Dallas home prices see their best growth in three years in latest national report

Dallas-area home prices grew at the fastest rate in more than three years in the latest nationwide comparison.

Dallas prices were up 4.9% from a year ago in September the latest Standard & Poor’s CoreLogic Case-Shiller Home Price Index. Nationwide prices were 7% higher than in September 2019 — the largest such increase since 2014.

Home prices in North Texas and across the country have seen significant gains as demand for houses has risen, even with the pandemic.

“Our three monthly readings since June of this year have all shown accelerating growth in home prices, and September’s results are quite strong,” Standard & Poor’s Craig J. Lazzara said in the report. “The last time that the national composite matched September’s 7% growth rate was more than six years ago, in May 2014.

“This month’s increase may reflect a catch-up of COVID-depressed demand from earlier this year; it might also presage future strength, as COVID encourages potential buyers to move from urban apartments to suburban homes,” Lazzara said. “The next several months’ reports should help to shed light on this question.”

Phoenix saw the greatest home price gains with an 11.4% year-over-year increase. Seattle prices rose 10.1%, and San Diego prices were 9.5% higher than in 2019.

The rate of home price growth in Dallas has almost doubled since early this year as home sales have taken off.

So far in 2020, North Texas real estate agents have sold almost 100,000 single-family homes, setting a new record.

Home sales prices in the area have risen even faster than the Case-Shiller report shows. In October, the median price of houses sold by North Texas real estate agents was up 12% from a year earlier.

Since Case-Shiller compares values of actual properties for its study, those numbers are considered more telling than sales data, which can be influenced by the type of homes that are trading.

Dallas-area home prices are now at a record high in the Case-Shiller index. And prices in the area are up by 80% since the worst of the Great Recession in 2009.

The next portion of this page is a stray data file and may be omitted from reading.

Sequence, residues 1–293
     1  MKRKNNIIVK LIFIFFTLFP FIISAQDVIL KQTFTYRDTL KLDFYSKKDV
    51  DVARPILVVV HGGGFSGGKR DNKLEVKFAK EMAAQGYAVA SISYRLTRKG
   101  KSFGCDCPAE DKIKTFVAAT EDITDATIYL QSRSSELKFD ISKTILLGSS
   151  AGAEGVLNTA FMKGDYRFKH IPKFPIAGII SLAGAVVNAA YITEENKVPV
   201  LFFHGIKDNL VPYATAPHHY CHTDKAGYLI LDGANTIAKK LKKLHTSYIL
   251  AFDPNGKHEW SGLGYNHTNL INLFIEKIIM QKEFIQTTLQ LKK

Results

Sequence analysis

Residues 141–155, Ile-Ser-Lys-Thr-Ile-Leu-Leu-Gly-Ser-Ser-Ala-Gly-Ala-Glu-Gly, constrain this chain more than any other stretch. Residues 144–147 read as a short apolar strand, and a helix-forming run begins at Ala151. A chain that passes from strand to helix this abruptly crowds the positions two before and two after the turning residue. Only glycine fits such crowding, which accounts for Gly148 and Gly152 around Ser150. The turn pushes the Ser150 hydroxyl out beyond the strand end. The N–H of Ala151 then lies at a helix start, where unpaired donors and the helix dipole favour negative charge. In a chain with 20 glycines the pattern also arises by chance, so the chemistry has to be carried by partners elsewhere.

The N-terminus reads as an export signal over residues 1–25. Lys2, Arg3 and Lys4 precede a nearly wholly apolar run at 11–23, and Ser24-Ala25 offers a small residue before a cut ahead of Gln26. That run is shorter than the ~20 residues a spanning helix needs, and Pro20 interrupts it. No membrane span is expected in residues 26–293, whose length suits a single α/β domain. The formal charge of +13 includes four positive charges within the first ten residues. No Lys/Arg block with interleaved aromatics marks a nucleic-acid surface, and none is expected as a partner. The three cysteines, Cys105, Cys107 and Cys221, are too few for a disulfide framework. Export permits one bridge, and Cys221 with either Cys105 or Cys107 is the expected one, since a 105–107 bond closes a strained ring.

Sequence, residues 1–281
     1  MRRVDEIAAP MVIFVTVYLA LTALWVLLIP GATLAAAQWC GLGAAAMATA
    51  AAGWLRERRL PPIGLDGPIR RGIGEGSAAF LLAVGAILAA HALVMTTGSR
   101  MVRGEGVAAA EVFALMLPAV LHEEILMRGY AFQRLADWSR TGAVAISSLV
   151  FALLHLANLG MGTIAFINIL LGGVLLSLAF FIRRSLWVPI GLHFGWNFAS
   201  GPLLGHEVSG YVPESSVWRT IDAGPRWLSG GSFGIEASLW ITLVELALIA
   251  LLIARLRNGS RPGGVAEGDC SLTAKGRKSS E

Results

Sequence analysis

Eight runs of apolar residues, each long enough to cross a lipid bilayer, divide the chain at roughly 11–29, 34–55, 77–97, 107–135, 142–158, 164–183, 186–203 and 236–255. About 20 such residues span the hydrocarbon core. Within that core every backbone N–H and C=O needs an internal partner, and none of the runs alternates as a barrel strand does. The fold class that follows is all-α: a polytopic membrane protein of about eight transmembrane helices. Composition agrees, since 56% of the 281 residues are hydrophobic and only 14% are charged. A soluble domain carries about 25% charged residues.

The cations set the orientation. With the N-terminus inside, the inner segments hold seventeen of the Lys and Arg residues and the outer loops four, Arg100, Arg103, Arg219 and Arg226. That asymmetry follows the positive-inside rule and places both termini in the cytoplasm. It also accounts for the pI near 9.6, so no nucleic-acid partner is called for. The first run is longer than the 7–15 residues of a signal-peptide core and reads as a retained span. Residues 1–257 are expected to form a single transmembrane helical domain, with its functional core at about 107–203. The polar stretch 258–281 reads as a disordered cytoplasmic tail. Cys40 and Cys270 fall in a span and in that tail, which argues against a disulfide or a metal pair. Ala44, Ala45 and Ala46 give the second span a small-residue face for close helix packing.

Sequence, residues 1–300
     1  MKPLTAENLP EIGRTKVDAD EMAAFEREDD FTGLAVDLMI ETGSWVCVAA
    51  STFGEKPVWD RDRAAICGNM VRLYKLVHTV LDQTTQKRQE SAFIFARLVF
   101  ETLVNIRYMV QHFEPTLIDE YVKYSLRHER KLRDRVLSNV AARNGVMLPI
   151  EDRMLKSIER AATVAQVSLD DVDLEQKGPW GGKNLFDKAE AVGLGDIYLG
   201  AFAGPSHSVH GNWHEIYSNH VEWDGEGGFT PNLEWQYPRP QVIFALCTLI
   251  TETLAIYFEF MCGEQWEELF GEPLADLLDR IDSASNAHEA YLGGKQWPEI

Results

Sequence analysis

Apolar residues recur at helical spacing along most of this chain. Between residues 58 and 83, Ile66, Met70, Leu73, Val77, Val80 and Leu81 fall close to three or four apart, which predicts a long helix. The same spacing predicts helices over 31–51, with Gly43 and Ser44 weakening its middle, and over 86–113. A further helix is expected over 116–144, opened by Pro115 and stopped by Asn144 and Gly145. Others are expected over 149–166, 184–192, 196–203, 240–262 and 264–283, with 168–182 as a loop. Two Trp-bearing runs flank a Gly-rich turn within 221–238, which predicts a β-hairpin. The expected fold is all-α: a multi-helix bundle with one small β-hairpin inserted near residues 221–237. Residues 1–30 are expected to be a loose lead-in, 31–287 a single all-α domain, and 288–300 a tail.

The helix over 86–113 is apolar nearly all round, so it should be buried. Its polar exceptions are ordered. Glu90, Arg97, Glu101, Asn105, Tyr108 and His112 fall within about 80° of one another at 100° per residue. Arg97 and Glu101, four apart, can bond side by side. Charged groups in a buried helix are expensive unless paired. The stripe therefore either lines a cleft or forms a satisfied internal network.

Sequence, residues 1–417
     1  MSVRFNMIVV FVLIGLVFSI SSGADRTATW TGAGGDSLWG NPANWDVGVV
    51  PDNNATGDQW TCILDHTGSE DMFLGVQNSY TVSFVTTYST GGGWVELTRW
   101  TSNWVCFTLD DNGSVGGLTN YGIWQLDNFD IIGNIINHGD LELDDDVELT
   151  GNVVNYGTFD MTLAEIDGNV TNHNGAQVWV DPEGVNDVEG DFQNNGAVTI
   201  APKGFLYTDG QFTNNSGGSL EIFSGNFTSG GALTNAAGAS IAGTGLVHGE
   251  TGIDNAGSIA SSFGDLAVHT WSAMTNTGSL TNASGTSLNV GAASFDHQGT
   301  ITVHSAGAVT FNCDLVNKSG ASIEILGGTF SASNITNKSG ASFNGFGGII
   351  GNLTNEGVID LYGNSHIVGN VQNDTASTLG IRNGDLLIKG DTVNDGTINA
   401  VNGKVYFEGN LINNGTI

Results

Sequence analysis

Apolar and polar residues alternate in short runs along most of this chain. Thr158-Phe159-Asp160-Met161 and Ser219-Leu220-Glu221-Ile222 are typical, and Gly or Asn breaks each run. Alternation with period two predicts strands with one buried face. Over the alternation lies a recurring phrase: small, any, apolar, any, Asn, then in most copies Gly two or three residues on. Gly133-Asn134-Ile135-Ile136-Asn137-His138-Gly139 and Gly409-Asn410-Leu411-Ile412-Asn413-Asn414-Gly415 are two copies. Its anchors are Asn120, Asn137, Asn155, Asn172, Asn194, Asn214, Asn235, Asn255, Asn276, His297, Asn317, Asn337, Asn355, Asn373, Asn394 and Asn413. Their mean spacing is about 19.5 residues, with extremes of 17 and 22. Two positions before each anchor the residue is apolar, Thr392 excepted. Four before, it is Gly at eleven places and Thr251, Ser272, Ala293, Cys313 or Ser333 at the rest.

Housing economists expect that the strong sales market — driven by record low interest rates — will continue into next year.

“Autumn housing indicators continue to show stronger-than-expected home sales and price growth, which are likely to remain through the rest of the 2020,” CoreLogic deputy chief economist Selma Hepp said. “Nevertheless, a bumpy road is still ahead with new resurgence of COVID-19 cases and increased recommendations to shelter-in-place again.

“Still, record-low mortgage rates and desire for more space will keep buyers active in the market, though the strong seasonal effect that was delayed into fall months is likely to start fading.”

But don’t look for a cool-down in prices.

“Some measures show home prices now growing at a faster pace than they ever have,” Zillow economist Matthew Speakman said in a statement. “While the worsening spread of COVID-19, and the economic uncertainty that accompanies it, do pose some potential risks to the booming housing market, it appears unlikely that this remarkable growth in home prices will abate in the coming months.”

Nationwide home prices rose 7%.
Nationwide home prices rose 7%.(Case-Shiller )

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